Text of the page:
Thursday, September 16, 2010

10 Mountain Biking Tips to Ride Rock Gardens With Confidence

By Mary Blomquist

When encountering a rock garden, it can be intimidating for many of us and we may resort to hiking our bikes through the rocks. With the following tips and some practice, however, riding rock gardens can be a very fun, adrenaline boosting experience that improves your confidence and mountain biking abilities.

1. Trust your bike: Your mountain bike suspension is made to handle rough terrain. The shocks and other components are built to absorb bumps and hits.

2. Find the best line: Before riding the rock garden, get off your bike and roll it through the rock garden to determine a good line, but if you deviate from the line when you are riding, keep motoring through.

3. Keep your momentum through the rocks. If you can not do full pedal strokes because of obstacles, move your pedals in a ratcheting motion to keep moving. If you get off course and are not on your line anymore, keep going. Follow where your bike takes you. Avoid forcing sudden changes in direction.

4. Maintain a medium speed when approaching the rocks. This can be scary because it feels like you are going to fly over the handlebars when you hit the rocks, but this is more likely to happen if you are going too slow.

5. Keep your arms and legs bent to absorb bumps and hits. Stay back on your seat so you do not go over the handlebars. Get way back and drop your seatpost a few inches if you are going downhill.

6. Focus on where you want to go and not on the rocks that are right in front of you or the ones you are trying to avoid. Look at the trail several feet ahead of you.

7. Avoid granny gear: If possible, have your gear in either the smallest front chain ring combined with a midrange rear sprocket or the middle front chain ring combined with the small rear sprocket. This makes it easier to power through obstacles.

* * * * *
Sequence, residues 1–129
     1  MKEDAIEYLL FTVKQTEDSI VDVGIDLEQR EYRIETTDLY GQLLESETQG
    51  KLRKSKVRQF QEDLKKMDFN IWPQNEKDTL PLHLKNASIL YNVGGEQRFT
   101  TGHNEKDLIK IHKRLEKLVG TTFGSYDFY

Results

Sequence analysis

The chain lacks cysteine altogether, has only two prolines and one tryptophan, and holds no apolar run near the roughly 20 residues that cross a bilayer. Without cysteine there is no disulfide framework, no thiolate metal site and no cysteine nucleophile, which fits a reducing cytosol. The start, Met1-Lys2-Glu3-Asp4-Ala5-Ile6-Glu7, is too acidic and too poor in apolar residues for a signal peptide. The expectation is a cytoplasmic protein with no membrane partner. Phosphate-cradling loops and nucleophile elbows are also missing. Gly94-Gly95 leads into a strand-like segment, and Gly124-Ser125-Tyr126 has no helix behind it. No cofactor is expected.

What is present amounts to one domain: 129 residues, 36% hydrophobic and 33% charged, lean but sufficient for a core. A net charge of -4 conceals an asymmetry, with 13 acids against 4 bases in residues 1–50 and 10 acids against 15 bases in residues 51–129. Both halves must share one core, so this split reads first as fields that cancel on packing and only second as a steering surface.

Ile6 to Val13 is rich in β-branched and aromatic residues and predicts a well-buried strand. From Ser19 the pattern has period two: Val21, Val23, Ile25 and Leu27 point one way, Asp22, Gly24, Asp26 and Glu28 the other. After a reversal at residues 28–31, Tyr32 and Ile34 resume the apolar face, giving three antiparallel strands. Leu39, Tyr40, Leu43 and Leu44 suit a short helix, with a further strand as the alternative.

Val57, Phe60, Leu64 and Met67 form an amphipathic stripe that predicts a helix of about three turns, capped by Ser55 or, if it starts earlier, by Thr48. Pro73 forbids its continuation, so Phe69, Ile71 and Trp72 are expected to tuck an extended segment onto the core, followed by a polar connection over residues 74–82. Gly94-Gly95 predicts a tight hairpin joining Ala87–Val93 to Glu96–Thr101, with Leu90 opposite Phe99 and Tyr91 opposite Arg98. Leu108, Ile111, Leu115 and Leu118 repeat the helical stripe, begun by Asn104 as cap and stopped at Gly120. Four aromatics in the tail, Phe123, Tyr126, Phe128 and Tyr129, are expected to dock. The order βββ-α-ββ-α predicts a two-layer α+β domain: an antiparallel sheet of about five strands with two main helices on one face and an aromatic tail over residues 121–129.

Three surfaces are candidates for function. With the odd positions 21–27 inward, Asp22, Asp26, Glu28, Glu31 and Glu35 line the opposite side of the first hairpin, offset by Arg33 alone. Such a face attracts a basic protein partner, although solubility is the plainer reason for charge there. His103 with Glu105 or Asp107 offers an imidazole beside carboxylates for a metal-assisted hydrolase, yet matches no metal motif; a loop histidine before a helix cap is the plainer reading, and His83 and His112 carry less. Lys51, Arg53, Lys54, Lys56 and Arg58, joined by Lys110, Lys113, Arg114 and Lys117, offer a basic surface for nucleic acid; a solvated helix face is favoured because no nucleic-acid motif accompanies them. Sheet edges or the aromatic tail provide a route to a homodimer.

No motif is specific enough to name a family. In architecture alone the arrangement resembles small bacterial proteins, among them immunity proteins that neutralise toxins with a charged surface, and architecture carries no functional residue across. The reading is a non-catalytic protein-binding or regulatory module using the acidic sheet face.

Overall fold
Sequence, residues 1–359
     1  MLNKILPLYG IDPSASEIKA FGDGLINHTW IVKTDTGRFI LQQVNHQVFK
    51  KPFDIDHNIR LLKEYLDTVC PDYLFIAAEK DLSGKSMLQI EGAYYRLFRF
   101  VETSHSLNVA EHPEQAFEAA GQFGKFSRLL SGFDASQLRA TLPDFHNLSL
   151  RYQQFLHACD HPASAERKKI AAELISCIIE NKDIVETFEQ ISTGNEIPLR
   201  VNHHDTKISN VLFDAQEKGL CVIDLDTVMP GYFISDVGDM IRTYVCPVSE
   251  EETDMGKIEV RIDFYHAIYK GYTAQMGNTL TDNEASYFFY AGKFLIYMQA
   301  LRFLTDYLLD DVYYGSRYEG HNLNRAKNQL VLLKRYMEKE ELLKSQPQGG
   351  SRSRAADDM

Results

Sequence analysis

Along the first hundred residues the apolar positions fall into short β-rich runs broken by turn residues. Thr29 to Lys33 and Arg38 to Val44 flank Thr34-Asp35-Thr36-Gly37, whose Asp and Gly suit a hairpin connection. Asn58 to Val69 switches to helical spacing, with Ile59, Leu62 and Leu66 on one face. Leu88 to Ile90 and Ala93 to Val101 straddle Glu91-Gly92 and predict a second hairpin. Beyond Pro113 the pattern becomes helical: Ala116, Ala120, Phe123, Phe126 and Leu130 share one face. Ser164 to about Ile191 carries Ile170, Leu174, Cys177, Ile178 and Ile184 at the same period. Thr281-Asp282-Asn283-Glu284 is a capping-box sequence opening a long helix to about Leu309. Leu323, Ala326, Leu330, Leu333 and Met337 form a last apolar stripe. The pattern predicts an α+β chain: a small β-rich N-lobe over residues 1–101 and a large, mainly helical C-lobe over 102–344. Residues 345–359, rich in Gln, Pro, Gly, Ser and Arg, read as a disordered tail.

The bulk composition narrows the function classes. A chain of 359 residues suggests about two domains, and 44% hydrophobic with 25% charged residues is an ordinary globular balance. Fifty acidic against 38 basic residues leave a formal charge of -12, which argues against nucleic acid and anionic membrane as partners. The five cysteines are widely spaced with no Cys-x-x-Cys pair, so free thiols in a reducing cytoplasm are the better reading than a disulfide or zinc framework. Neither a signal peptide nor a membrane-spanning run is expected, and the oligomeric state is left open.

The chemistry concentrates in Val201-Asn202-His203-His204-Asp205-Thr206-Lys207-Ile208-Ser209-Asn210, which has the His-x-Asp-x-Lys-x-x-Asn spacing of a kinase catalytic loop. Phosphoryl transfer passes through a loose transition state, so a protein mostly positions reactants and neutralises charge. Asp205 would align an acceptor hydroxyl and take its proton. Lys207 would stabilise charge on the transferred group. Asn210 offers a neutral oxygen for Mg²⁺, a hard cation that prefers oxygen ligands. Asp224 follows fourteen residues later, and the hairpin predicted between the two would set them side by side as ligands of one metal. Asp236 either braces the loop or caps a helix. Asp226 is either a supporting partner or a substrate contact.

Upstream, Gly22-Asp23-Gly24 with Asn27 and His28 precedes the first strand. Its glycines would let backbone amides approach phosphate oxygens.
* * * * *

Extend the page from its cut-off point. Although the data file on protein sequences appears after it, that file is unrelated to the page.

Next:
8. Push your handlebars forward with your arms to get over rocks when necessary.

9. Chill out! It is natural to feel some anxiety when approaching technical sections. Try to stay loose, but strong with a firm grip on the handlebars so that you have control. If you are rigid with fear and unable to relax, you will crash and it is best to try the challenge another day or start with something less intimidating.

10. Strength and balance are very important for mountain biking over obstacles. Weight lifting and cross training will help increase strength to power over rocks and other obstacles. Practicing the trackstand and other exercises will help to improve balance.

If you are a beginner, do not go crazy and start with the extreme terrain right away. Start small and work your way up as you gain more confidence. You may want to start with what are commonly referred to as "baby-head rocks." These are the rocks that are around the size and shape of a toddler's head. Once you are comfortable with these, try more difficult terrain.

For more skill builders on improving balance and technique on your mountain bike, please visit

Mary Blomquist is a mountain biking enthusiast who lives in Colorado and is the founder of, a site that is full of information and tips for mountain bikers.



Post a Comment